If someone uses these 12 phrases in a conversation, they lack self-confidence

Confidence isn’t just about how you feel. It’s also hiding behind the way you move, the words you say, and the way in which you say them.

In short, confidence exudes from your whole being. And when you lack it for whatever reason, many people – especially if they’re highly observant – will be able to tell.

So, do you or someone you know lack self-confidence? Let’s find out.

If someone uses these 12 phrases in a conversation, they probably don’t believe in themselves as much as they could.

1) “I’m probably wrong…”

One of my friends – let’s call her Gemma – always diminishes the weight of her own opinions under the guise of, “I’m probably wrong.”

Lo and behold, she also struggles with a lack of self-esteem and strong people-pleasing tendencies.

I love Gemma. But every time she undermines herself, I just want to shake her and tell her, “You matter!”

We’ve all been in a situation where we said something but weren’t quite sure if it was right. If I’m referring to a study or a statistic, for instance, I’ll add something along the lines of, “Don’t quote me on it, though, I might not remember it correctly.”

This urges the other person to do their own research and not rely on everything I say with one hundred percent certainty.

However, “I’m probably wrong” is different because it automatically assumes you’ve made a mistake.

Give yourself the benefit of the doubt.

2) “I’m not the best person to ask…”

This phrase is in the same vein as the one above – it revolves around minimizing one’s own importance and credibility in order to escape any possible burden of responsibility.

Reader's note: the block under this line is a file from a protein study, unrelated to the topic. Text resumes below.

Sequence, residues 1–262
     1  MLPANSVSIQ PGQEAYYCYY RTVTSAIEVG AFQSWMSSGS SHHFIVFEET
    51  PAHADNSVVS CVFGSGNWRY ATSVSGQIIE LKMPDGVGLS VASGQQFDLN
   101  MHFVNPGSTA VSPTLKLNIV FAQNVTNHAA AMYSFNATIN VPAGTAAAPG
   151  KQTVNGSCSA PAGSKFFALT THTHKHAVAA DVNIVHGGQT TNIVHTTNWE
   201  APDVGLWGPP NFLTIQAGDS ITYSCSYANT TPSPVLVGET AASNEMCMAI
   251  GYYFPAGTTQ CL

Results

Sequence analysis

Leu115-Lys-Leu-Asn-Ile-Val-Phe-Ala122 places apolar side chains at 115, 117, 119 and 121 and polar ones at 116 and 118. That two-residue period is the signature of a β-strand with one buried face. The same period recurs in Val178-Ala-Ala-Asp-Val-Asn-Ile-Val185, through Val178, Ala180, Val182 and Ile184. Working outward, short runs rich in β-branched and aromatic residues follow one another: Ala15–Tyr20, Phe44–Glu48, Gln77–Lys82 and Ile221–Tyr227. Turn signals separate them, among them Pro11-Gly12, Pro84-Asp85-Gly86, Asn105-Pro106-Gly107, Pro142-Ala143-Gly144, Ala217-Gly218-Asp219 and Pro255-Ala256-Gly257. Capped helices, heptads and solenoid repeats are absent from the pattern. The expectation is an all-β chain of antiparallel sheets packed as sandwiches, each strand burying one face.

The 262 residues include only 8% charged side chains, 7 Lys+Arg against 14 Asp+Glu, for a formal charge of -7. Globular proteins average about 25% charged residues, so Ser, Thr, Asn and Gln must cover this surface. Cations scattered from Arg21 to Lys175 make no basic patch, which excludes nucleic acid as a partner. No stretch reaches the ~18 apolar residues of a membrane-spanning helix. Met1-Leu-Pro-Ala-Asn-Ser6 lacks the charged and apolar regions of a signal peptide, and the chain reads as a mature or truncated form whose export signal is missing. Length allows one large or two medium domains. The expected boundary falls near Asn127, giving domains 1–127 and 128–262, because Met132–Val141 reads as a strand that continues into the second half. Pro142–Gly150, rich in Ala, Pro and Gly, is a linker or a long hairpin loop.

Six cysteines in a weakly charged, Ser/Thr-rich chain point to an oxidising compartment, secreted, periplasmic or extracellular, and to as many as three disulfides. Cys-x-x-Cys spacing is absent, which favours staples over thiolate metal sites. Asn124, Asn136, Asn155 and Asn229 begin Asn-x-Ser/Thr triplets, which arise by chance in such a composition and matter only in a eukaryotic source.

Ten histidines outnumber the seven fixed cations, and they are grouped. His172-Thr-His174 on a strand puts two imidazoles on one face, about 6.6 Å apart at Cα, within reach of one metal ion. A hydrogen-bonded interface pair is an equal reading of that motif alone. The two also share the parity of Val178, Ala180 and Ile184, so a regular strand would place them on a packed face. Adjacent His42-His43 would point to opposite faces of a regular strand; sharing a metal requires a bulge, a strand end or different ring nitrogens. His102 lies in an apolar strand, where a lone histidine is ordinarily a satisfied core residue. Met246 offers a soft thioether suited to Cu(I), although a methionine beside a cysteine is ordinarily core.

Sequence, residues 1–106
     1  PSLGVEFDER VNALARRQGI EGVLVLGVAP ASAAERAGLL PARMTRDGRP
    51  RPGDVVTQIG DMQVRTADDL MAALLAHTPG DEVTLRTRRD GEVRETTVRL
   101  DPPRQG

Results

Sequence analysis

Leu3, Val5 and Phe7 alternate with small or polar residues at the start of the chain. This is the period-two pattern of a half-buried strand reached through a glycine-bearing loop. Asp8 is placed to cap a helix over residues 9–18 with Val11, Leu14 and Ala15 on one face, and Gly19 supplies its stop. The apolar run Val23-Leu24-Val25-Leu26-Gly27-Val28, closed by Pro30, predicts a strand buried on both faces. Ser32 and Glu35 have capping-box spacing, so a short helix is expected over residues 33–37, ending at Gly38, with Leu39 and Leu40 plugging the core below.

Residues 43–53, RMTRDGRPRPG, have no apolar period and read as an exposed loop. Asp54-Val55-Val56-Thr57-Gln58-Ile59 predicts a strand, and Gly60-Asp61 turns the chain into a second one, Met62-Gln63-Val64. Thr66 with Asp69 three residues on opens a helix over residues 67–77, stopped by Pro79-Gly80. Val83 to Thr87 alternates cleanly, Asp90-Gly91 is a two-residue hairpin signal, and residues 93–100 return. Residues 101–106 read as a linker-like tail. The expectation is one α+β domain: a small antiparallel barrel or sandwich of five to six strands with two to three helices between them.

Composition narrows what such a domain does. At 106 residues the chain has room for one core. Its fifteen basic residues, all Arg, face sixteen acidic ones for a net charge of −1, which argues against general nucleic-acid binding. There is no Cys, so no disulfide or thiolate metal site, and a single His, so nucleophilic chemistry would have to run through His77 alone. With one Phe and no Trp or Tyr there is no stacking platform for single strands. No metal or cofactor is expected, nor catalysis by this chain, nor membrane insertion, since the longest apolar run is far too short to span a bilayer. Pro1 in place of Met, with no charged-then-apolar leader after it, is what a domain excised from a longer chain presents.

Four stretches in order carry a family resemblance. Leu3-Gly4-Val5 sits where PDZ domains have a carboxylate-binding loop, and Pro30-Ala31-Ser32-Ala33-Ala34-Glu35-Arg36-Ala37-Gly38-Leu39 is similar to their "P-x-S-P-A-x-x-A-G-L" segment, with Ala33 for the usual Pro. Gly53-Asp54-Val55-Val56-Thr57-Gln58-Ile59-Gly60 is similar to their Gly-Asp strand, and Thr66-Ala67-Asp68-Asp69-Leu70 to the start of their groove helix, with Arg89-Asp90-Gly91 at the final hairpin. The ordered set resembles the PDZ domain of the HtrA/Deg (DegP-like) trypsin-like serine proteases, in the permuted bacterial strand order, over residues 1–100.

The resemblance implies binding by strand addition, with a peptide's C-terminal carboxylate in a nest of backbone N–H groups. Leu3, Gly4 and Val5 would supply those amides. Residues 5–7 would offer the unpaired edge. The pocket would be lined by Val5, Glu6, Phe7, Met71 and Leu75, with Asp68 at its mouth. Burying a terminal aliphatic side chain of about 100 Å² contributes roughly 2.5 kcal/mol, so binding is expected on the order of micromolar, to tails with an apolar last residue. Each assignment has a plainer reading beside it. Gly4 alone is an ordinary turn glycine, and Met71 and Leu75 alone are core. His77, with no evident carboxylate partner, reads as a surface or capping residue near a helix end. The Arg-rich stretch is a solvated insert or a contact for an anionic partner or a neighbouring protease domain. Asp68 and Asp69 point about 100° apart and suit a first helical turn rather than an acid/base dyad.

Look, I get it.

Sometimes, you really aren’t the best person to ask. I mean, if someone were to ask me for advice on coding, I’d probably scratch my head and reply, “Have you tried putting in 1 and 0? Because that’s the extent of what I know.”

However, there are plenty of situations in life where you are, in fact, the best person to ask, because the person who’s asking you has chosen to come to you for a reason.

Recently, my friend Tom asked me for some feedback on his graphic design portfolio. I know very little about graphic design, but that wasn’t the point – he wanted an honest opinion from his friend.

I offered my input, and he actually incorporated some of my advice (which made me feel awesome).

You can always contribute something to the conversation, however tiny it may seem. Don’t underestimate the power of your opinion.

3) “I’m so, so, so sorry…”

Remember my friend Gemma?

One of her go-to phrases is “sorry”. It’s gotten to the point where my friends and I had to tell her to stop apologizing so much because it started getting on our nerves.

There is a time and place for apologies. If you’ve made a mistake or if you’ve upset someone, an apology goes a long way.

But if you’ve beaten someone in a game or if a friend who’s visiting you has bumped a toe against your wardrobe, saying “sorry” three times in a row is a bit too much. 

What’s more, it signals a lack of self-confidence.

4) “I’m very sorry to bother you…”

This phrase sounds very innocent at first, right?

I mean, it’s always good to be polite, and if someone’s in the middle of a conversation, for instance, “I’m very sorry to bother you” is the right way to approach them.

However, things get a little more complicated if you use this phrase in situations where you’re no bother at all.

If you email customer support, you’re not bothering them – they’re doing their job.

If you call your doctor, you’re not bothering them – again, they’re doing their job.

The same applies to friendships and romantic relationships. Chances are, your friend doesn’t think you’re a bother because they love you and want to help you.

An alternative way to be polite yet confident is to say, “Do you think it’d be possible for us to do X?”

5) “It’s nothing, don’t worry about it”

Imagine asking someone what’s wrong, only for them to reply, “It’s nothing, don’t worry about it.”

How infuriating is that?

Not only does it mean the person in question refuses to talk about their feelings openly and resolve the issue together, but it also displays low confidence – they are so afraid of judgment and confrontation that they’d rather invalidate their emotions and bottle them down.

If you often find yourself saying, “It’s nothing,” remember that your feelings are valid and deserve to be heard, discussed, and processed.

6) “You’re so X, I’m not X at all…”

lack integrity 1 If someone uses these 12 phrases in a conversation, they lack self-confidence